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Pasta Doesn't Cause Weight Gain — It May Even Result in a Lower BMI

Do you like pasta but think it's off-limits if you're trying to lose weight? We've got some good news!

If you love pasta but are worried that it will make you gain weight, I have great news for you: new research shows that eating pasta does not cause weight gain. In fact, the research actually discovered that quite the opposite is true. A systematic review and meta-analysis of thirty-two randomized controlled trials including 2,448 participants found that consuming pasta as a part of a low-glycemic index (GI) dietary pattern did not affect body fat and in fact, significantly reduced total body weight and lowered body mass index (BMI) when compared to dietary patterns that were higher in glycemic index.

Glycemic index (GI) is a gauge of how fast a certain food causes your blood glucose to rise. The GI ranks foods on a scale of 0 to 100. High-GI foods are digested and absorbed rapidly, resulting in a quick spike in your blood sugar. High-GI foods are generally high in sugar and refined (processed) carbohydrates, such as pretzels (GI of 83). Low-GI foods are digested and absorbed much slower, causing a more gradual rise in blood glucose levels. Low-GI foods are usually high in fiber, fat, or protein, such as an apple (GI of 28), Greek yogurt (GI of 11), and peanuts (GI of 7).

The Study

Clinician scientists at the Clinical Nutrition and Risk Modification Center of St. Michael’s Hospital in Toronto, Canada, analyzed data from thirty-two previous trials and published their findings in the BMJ Open (formerly British Medical Journal) that included 2,448 individuals who ate pasta rather than other forms of carbohydrates. The median age of the participants was 50 and the BMI was 30.4. In 21 of the 32 clinical trials people who were classified as being overweight or obese were included. The study participants consumed, on average, 3.3 servings of cooked pasta (approximately 1/2 cup) per week in lieu of other carbs. Over a 12-week time period, the participants lost approximately 1.4 pounds and saw their BMI drop by 0.57.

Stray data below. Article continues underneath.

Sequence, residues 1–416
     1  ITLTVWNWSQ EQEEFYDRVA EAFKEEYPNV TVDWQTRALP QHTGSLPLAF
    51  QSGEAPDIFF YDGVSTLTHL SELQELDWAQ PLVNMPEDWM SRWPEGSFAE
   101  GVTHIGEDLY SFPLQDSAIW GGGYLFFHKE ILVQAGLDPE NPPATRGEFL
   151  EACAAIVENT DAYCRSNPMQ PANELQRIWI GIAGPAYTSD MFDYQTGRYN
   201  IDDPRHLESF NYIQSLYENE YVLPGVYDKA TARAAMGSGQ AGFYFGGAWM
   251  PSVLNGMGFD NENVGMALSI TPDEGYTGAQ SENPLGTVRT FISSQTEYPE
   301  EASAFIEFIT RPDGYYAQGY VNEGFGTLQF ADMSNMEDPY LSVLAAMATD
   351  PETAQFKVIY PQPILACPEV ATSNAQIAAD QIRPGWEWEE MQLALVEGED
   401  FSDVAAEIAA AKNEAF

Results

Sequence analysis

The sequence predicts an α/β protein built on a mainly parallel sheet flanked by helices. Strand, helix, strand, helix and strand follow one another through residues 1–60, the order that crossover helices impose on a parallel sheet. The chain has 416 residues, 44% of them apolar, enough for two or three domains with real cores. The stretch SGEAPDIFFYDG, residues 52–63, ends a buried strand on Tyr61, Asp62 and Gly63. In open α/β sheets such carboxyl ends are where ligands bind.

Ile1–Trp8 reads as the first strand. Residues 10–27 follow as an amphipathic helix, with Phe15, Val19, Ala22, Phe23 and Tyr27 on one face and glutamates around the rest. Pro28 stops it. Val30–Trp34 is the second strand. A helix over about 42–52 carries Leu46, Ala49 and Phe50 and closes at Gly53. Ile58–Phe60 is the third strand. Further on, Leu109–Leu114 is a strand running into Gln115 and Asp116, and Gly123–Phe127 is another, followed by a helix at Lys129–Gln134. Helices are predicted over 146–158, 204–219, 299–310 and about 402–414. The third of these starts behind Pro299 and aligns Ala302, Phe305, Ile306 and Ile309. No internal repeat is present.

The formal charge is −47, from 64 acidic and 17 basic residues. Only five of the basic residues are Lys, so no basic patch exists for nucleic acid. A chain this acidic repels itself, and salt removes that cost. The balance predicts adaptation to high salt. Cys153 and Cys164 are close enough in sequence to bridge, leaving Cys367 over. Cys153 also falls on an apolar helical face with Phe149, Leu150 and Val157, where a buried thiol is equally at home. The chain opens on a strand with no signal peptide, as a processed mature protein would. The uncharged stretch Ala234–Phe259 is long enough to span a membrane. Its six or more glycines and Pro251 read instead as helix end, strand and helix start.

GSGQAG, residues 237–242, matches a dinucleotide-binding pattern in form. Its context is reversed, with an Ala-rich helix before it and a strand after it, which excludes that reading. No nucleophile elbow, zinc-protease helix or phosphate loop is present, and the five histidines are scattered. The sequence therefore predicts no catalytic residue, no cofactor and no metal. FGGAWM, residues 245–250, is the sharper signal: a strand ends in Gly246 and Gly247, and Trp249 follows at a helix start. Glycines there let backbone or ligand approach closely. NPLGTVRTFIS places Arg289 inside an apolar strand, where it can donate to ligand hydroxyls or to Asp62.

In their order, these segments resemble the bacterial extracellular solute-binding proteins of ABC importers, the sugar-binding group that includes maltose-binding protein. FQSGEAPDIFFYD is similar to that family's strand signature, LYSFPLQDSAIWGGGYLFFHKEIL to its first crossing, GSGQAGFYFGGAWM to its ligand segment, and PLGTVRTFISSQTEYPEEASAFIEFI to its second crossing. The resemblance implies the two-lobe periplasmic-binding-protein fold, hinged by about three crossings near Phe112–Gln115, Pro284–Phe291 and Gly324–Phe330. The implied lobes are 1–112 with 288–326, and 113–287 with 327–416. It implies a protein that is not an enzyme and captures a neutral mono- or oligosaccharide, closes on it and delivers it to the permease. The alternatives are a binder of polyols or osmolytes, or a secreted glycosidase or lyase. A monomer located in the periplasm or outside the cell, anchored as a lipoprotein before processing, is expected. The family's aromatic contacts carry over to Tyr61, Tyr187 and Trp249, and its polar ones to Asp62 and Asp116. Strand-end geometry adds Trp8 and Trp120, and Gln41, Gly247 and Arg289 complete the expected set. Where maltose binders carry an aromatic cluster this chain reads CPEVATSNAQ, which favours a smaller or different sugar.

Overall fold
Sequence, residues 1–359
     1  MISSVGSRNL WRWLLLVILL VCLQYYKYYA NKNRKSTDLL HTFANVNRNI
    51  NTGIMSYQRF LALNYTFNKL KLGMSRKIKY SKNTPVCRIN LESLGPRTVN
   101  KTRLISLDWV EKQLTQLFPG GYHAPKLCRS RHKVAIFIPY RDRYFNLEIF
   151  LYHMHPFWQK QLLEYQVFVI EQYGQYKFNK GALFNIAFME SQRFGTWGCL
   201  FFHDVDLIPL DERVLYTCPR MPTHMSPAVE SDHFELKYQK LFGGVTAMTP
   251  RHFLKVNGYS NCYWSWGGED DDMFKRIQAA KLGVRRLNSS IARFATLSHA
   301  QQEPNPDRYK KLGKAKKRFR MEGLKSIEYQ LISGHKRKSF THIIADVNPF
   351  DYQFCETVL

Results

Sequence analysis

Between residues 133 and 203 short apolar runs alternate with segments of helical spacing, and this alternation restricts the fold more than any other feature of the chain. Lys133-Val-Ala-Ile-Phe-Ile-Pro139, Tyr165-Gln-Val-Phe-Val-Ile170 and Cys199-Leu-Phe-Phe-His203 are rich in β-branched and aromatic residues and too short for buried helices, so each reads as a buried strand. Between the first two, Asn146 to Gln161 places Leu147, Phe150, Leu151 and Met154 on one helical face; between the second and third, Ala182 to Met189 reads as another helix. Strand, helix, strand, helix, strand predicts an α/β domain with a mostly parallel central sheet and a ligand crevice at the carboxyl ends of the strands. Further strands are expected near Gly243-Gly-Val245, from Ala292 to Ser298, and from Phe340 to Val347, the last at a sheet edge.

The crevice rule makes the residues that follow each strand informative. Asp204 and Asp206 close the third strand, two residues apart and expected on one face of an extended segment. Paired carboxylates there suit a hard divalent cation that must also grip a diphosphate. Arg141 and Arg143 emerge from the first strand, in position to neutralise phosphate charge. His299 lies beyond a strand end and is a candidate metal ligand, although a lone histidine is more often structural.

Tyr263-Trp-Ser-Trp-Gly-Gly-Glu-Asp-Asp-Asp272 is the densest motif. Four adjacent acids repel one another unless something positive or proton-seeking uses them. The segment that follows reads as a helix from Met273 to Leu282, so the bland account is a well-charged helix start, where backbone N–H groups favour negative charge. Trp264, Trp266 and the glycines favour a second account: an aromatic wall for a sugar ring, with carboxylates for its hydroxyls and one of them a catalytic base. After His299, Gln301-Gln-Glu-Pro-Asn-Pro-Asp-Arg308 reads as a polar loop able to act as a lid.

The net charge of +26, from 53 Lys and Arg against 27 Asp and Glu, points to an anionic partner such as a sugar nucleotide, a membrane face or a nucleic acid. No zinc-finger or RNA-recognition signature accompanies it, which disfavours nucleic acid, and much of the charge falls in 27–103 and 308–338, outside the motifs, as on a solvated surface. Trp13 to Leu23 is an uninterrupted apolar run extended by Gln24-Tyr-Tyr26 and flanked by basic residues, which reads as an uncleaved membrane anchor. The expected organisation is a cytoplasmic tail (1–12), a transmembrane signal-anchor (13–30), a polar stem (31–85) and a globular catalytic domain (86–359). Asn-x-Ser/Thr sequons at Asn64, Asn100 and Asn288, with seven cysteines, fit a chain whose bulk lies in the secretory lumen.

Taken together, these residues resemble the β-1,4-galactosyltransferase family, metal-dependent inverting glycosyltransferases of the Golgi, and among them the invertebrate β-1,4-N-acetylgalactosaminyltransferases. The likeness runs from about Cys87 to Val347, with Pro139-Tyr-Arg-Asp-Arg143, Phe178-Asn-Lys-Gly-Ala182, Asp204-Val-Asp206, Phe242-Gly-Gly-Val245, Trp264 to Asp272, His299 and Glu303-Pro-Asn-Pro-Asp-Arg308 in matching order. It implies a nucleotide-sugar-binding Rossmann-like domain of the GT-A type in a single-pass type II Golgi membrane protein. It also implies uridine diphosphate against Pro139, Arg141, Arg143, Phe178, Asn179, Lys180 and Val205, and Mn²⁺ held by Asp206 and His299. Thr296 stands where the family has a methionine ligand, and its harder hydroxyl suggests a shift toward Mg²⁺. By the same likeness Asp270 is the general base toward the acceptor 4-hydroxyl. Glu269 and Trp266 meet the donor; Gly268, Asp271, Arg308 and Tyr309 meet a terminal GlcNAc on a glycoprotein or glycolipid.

Scientists behind this study reiterate that pasta can absolutely be included in a healthy diet without worry of weight gain or fat accumulation. They plan to study if pasta can be included in other types of healthy diets and yield the same results.

Ways to Incorporate Pasta in a Healthy Way

Make It Part of an Overall Healthy Diet

The key is to include pasta as part of a healthy diet that centers on variety, moderation, portion control, and an abundance of plant foods such as vegetables, fruits, legumes, nuts, seeds, and whole grains.

Pair It with Lots of Veggies

One the easiest ways to keep your pasta portions in check is to use twice as many vegetables as you do pasta in any dish. For example, if you are making pasta con broccoli, use twice the amount of broccoli, peas, and mushrooms as you do bowtie pasta. In fact, you can throw the veggies into the boiling pasta water during the last three minutes of cooking and strain it all in the colander together to avoid dirtying more dishes or including too many steps in your recipe.

Incorporate Lean Proteins

Rather than piling that plate of spaghetti high with gigantic meatballs or fatty Italian sausage, opt for grilled chicken or sautéed shrimp instead. This will cut down on the total calories of the dish while keeping you satisfied


[Image via Shutterstock]

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